The object of Tucker’s gaze at the beginning of the episode is Archer, but the object of the gaze becomes the planet itself when he snaps pictures of the vents. What occasioned this change? In a word: the wraith. Archer’s desire to discover who and what she is is all-consuming, and Tucker is relegated to the role of good friend and sounding board. Archer and Tucker’s talk in the mess late at night further foregrounds Tucker’s role as confidant as Archer explores the feelings the wraith occasions. Although Archer and Tucker are good friends, in the mess, Archer seems almost unaware of Tucker, despite the content of their conversion. Archer speaks with his back to Tucker, and when he speaks, it’s almost as if he were speaking aloud to himself. The body language implies distance. Archer does not seek Tucker for advice or help. Rather, Tucker is simply a sounding board as Archer attempts to articulate and clarify his thoughts.
“I went out to the hazelwood because a fire was in my head,” Archer tells Tucker, quoting the Yeats poem, “The Song of the Wandering Angus,” when they are alone together in the mess, Tucker drinking milk, a symbol of the feminine. Alas, however, the fire in Archer’s head isn’t for Tucker. Rather, it’s for exploration--for experience. Archer is consumed and driven by his work, and he is rewarded for this all-consuming passion: he is rewarded by his command, and he is honored by the portrait to be hung up at Starfleet. The wraith has only emphasized his single-minded intensity. “Never stop seeking what seems unobtainable,” the wraith tells Archer just before they part.
Whereas Archer is presented here as the masculine, driven explorer, the object of the gaze, Tucker is presented as the feminine helpmeet, the recorder of experience, the one who passively gazes. This is also in contrast with Reed, who, as an Eagle Scout, surpassed Archer, with twenty-eight patches to Archer’s twenty-six. Reed treats Archer with amused condescension on the whole Eagle Scout matter (he already has a patch for xenobiology, he informs Archer when Archer makes a joke about it), leaving Archer slightly miffed. Reed is presented as active too: he was an Eagle Scout, and he wants to go hunting with their new friends.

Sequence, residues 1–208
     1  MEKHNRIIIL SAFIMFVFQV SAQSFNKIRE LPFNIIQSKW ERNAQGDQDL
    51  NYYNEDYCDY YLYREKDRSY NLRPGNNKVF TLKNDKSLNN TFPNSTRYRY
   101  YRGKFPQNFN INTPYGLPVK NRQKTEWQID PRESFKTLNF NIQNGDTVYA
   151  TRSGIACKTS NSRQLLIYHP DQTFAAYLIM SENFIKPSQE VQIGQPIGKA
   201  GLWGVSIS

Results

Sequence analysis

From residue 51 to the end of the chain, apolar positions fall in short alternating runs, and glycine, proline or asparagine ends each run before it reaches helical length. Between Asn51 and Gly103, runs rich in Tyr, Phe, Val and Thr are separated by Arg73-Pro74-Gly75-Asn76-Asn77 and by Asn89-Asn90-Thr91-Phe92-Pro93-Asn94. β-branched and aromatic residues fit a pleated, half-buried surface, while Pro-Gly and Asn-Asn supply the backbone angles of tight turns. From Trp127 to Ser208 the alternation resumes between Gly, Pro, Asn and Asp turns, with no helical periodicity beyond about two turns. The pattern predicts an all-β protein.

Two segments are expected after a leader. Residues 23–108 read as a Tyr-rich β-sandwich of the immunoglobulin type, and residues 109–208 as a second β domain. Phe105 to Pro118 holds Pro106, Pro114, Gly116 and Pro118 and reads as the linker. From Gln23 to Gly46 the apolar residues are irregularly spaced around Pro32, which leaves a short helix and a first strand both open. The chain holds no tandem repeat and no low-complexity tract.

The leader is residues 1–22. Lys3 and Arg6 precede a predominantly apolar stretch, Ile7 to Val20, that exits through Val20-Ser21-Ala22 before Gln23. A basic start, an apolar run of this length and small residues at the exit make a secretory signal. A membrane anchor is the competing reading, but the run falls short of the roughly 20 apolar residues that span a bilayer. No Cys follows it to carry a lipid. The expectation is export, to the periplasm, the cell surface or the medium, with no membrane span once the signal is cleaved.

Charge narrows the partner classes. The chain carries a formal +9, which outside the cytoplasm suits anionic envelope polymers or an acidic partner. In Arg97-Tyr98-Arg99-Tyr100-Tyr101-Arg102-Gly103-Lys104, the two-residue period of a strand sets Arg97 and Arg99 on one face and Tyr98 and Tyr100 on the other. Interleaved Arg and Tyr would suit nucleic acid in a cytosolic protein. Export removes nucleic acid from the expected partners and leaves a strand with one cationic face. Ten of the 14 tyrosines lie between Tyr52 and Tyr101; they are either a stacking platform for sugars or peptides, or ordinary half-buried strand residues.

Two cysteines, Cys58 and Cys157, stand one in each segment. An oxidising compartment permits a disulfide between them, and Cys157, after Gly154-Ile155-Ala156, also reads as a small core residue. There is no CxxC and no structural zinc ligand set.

In only one scene is Tucker presented as the object of interest. While everyone is sitting around the campfire, Damrus, the unofficial spokesman for the hunters, tells Reed that they are heading out in six hours, and if Reed wants to come along on the hunt, he would do well to get some sleep. Reed, who can take a hint, rises and says, “I suppose I’ll turn in, then,” and he pats Tucker on the back twice. Tucker immediately responds, “Sounds like a good idea,” and he gets up and follows Reed. The implications here--that they are close enough friends that the fairly reserved Reed can touch Tucker, and that they are sharing a tent--is unmistakable. Archer keeps his distance from Tucker, even speaks to him with his back to him, and at the campfire, he sits next to T’Pol and they discuss work, leaving Reed and Tucker to sit together. But Reed engages Tucker, touches him, acknowledges him.
This episode’s theme--the desire for experience, be it exploration or hunting--only foregrounds Tucker’s relative passivity. Although Archer clearly values Tucker’s friendship, he apparently does not realize that he has cast Tucker into a role that Tucker finds chafing, as expressed by Tucker’s impatient picture-snapping. Although Tucker repeatedly backs up his captain in front of others, telling the alien hunters that if Archer said he saw a woman, then he saw a woman, in private, Tucker is more direct in his skepticism, as in his conversation with Archer about the nightie-wearing wraith (“She must have been some woman”). With his skepticism, Tucker makes clear his disappointment at not being the object of Archer’s gaze, as Archer is the object of Tucker’s gaze.